Heading the bloody reign of terror in Tripoli is the monster Abdel Hakim Belhadj, aka Abdel Hakim Al-Hasadi, friend of Osama Bin Laden, former US POW, and infamous killer of us soldiers in Afghanistan
By Webster G. Tarpley, Ph.D.
Abdel Hakim Belhadj, aka Abu Abdullah Assadaq, aka Abdel-Hakim al Hasidi, aka Abdel Hakim al-Hasadi, aka Abdel Hakim al-Hasady, identified here as an al Qaeda terrorist commander in the posting “Al Qaeda: Pawns of CIA Insurrection from Libya to Yemen” of April 3, 2011.
Watch Tarpley’s interview on Press TV here, or see this RT interview of Pepe Escobar providing similar information:
From various sources, collected by clothcap:
Ex-Mujahedeen Help Lead Libyan Rebels WSJ
DARNA, Libya—Two former Afghan Mujahedeen and a six-year detainee at Guantanamo Bay have stepped to the fore of this city’s military campaign, training new recruits for the front and to protect the city from infiltrators loyal to Col. Moammar Gadhafi. The article names:
* Abdel Hakim al-Hasady spent five years at a training camp in eastern Afghanistan, oversees the recruitment, training and deployment of about 300 rebel fighters from Darna.
* Salah al-Barrani, field commander is a former fighter from the Libyan Islamic Fighting Group
* Sufyan Ben Qumu, a Libyan army veteran who worked for Osama bin Laden’s holding company in Sudan and later for an al Qaeda-linked charity in Afghanistan, is training many of the city’s rebel recruits.
UN, Obama Fighting Alongside Al-Qaeda in Libya New American
The Obama administration’s UN-backed military intervention against Libyan dictator Moammar Gadhafi is aiding al-Qaeda, which, according to media reports citing high-level commanders in the terror group and Libyan rebel leaders, is deeply tied to the revolution. When the dust settles, the anti-American Islamic extremists could easily emerge as the new rulers of that nation, or at least a part of it. And al-Qaeda is already reportedly grabbing up advanced military weaponry there.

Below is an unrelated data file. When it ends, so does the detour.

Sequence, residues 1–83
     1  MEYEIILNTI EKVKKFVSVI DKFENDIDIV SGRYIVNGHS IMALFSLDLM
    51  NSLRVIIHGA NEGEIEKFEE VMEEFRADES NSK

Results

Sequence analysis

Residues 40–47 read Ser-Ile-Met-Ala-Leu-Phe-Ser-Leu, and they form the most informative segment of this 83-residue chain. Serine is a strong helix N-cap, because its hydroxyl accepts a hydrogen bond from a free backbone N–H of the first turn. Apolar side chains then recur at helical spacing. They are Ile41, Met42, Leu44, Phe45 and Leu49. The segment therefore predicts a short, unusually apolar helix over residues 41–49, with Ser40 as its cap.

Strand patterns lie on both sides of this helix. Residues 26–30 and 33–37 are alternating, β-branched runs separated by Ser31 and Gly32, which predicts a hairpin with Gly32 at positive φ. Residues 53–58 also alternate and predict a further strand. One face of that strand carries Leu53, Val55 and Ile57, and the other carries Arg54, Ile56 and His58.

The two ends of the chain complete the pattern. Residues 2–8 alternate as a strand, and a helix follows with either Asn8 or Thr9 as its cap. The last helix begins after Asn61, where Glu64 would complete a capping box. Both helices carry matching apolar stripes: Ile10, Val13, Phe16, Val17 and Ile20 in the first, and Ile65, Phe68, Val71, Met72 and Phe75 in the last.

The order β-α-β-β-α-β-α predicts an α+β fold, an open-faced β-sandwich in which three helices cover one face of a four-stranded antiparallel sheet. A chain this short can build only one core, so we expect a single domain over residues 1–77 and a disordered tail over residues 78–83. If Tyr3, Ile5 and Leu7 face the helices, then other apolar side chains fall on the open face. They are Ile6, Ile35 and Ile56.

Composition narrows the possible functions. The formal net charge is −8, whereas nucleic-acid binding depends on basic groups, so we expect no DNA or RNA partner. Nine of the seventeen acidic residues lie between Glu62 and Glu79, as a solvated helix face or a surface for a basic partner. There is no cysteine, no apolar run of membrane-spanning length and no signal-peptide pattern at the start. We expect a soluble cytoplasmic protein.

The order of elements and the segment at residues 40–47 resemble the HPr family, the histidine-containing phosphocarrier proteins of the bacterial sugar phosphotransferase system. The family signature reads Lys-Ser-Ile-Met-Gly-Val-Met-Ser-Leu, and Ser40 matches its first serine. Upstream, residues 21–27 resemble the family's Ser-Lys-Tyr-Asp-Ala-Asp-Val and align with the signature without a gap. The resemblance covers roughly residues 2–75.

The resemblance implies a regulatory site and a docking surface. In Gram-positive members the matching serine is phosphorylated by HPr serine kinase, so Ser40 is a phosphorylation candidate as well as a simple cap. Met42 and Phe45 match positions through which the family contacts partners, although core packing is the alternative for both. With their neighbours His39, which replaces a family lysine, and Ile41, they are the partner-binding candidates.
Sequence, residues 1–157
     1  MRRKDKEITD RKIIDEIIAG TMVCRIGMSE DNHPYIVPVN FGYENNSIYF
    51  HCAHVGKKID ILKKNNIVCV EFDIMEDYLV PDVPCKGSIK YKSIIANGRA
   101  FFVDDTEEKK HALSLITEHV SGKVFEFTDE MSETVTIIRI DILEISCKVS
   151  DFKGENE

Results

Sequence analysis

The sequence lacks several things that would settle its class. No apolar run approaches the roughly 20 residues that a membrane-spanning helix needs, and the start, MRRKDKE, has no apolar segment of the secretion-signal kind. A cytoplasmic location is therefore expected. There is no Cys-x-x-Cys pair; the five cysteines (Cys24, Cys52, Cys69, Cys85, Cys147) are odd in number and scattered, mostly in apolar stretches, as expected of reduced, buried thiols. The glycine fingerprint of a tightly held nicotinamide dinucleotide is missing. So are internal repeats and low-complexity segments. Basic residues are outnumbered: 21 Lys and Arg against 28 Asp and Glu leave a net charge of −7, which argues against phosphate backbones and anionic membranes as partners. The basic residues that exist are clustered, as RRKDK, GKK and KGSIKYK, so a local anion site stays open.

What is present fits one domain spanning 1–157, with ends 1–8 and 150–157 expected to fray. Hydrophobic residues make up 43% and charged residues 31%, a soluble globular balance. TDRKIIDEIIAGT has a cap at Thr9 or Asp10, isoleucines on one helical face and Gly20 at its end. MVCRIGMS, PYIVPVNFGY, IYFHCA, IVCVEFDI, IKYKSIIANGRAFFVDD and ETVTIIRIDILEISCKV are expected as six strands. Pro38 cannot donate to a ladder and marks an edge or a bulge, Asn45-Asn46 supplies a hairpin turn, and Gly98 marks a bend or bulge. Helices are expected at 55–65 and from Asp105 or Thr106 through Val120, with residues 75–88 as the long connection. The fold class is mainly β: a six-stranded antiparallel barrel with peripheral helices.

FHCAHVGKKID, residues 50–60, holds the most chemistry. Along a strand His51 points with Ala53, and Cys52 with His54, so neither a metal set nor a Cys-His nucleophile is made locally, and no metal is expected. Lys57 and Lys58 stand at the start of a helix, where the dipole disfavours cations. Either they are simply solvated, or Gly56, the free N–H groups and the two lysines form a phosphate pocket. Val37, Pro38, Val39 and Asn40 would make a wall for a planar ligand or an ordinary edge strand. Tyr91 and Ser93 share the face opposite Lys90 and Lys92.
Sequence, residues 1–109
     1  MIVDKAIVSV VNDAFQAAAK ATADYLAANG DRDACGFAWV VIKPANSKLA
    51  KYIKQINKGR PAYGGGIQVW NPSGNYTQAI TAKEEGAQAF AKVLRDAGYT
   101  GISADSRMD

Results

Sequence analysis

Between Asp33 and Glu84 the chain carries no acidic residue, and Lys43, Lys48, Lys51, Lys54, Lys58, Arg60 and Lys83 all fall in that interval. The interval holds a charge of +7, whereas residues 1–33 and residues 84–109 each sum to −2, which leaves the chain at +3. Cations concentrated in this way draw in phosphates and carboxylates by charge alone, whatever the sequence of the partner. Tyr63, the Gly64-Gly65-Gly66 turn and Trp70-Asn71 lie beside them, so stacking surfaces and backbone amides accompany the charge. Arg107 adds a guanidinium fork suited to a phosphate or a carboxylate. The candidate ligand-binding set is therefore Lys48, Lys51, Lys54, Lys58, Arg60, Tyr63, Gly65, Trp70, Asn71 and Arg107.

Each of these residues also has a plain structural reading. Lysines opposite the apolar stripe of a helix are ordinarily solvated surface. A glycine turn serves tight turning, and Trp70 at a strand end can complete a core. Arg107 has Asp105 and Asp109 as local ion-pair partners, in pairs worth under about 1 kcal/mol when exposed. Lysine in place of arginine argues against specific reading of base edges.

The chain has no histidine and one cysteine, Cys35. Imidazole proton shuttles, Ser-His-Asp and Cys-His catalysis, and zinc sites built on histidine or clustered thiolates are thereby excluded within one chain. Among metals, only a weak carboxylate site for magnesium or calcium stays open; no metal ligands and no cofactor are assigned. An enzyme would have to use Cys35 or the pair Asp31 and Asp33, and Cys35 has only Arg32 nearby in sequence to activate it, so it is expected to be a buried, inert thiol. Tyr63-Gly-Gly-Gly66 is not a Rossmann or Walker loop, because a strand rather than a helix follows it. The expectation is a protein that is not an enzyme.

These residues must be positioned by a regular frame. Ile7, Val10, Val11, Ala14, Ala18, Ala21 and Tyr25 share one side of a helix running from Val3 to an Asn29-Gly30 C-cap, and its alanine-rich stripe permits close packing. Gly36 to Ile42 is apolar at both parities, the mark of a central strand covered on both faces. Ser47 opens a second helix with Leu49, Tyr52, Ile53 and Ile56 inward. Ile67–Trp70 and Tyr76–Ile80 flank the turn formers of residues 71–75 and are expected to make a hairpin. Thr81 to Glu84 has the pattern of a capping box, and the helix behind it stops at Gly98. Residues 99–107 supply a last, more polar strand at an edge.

Libyan rebel commander admits his fighters have al-Qaeda links Telegraph
Mr al-Hasidi admitted he had earlier fought against “the foreign invasion” in Afghanistan, before being “captured in 2002 in Peshwar, in Pakistan”. He was later handed over to the US, and then held in Libya before being released in 2008.
US and British government sources said Mr al-Hasidi was a member of the Libyan Islamic Fighting Group, or LIFG, which killed dozens of Libyan troops in guerrilla attacks around Derna and Benghazi in 1995 and 1996.
Libyan rebel’s story shows links to Taliban, Al Qaeda, NATO LA Times
[…] But there are many unanswered questions about Libya’s anti-Kadafi forces, with at least 20 former Islamic militant leaders in battlefield roles, according to the rebel army, and hundreds of Islamists participating or watching from the sidelines. All speak of unity and brotherhood, but in the new state, will they be tempted by a once-in-a-lifetime chance to overpower Libya with a conservative Islamist vision?
Is LIFG al Qaeda? Yes.
Investigation into the rebel terrorists in Libya Above Top Secret
[…] The anti-Qaddafi Libyan Islamic Fighting Group (LIFG) Merges with al Qaeda, 2007 The specific institutional basis for the recruitment of guerrilla fighters in northeastern Libya is associated with an organization which previously called itself the Libyan Islamic Fighting Group (LIFG). During the course of 2007, the LIFG declared itself an official subsidiary of al Qaeda, later assuming the name of Al Qaeda in the Islamic Maghreb (AQIM). As a result of this 2007 merger, an increased number of guerrilla fighters arrived in Iraq from Libya.
According to Felter and Fishman, “The apparent surge in Libyan recruits traveling to Iraq may be linked the Libyan Islamic Fighting Group’s (LIFG) increasingly cooperative relationship with al-Qaeda, which culminated in the LIFG officially joining al-Qaeda on November 3, 2007.”8 This merger is confirmed by other sources: A 2008 statement attributed to Ayman al-Zawahiri claimed that the Libyan Islamic Fighting Group has joined al-Qaeda.